Airport workers striking for a third consecutive day on Saturday said they would stage another walkout at the French capital’s main international hub from July 8 to 10 to press their pay demands, signalling further disruption for early summer travellers.
The current walkout, which began on Thursday, is due to continue until Sunday, though France’s civil aviation authority DGAC said less disruption was expected.
DGAC said it asked airlines to cancel one in five flights at the Paris hub between 7am and 2pm local time (GMT+2) on Saturday, a day after one in every six flights was cancelled.
Paris airports group ADP had offered staff a 4 percent pay rise if they agreed to end the strike on Friday, but workers rejected the offer, a union representative told Reuters.
“A majority of workers think the offer is not good enough,” said Daniel Bertone, who represents the CGT union. “They don’t trust management and they don’t accept the ‘it’s this or nothing’ blackmail.”
“We notified the management of a new strike plan from the 8th until the 10th of July,” Bertone added.
ADP directly only employs a minority of Charles de Gaulle ground personnel, the majority of whom hold labour contracts with airlines and a large number of subcontractors.
Staff of Paris airports’ subcontractors plan other strikes from July 13 to 17.
⚠️Industrial action at #CDG #Orly airports Saturday 2 July: disruptions to be expected.
➡️Check your flight status with your airline.
➡️Plan to arrive at the airport at least 2 hours before a medium-haul flight and 3 hours before a long-haul flight.https://t.co/CSWoXiruEy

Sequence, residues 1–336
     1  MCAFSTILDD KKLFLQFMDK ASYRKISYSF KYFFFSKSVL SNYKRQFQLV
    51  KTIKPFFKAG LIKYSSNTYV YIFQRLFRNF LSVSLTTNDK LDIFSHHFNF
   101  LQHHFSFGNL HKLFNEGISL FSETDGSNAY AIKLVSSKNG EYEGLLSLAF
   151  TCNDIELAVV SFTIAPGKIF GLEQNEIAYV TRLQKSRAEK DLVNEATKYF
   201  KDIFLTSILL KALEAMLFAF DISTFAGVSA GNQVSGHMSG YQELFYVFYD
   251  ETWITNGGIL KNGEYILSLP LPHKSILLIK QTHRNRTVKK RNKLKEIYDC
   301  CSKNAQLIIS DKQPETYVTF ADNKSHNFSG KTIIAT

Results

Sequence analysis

— Paris Aéroport (@ParisAeroport) July 1, 2022
After the Covid crisis battered the travel industry, ADP and its unions last year signed a deal entailing lower wages. But workers say the economic picture has changed.
Unions are demanding a net €300 increase per month on salaries, an amount the companies involved had rejected.
Scores of ground staff protested in front of one terminal on Friday to demand a big pay rise to cushion the pain of high inflation, emboldened by booming demand for air travel and staff shortages caused in part by the Covid-19 pandemic.
Queues built up inside the terminals as some passengers sought to make alternative arrangements and others arrived early fearing disruption.
“We’ve been here since 3 o’clock this morning and we’re still waiting. This is not going well at all,” Philippine Tournier, who had booked a flight for Cancun, Mexico, told Reuters.
Rising living costs are hurting households across Europe. Inflation in Britain hit 9.1 percent last month, its highest in four decades, contributing to strikes or threats of industrial action by workers across transport services, schools, postal services and hospitals. In the European Union, the harmonised rate of inflation is 6.5 percent and the non-harmonised 5.8 percent.
Several European airlines and airports have experienced strikes in recent weeks and more travel disruptions are expected next month. Airports in cities such as London, Amsterdam, Rome and Frankfurt have had to cope with flight cancellations and long queues.
(FRANCE 24 with REUTERS)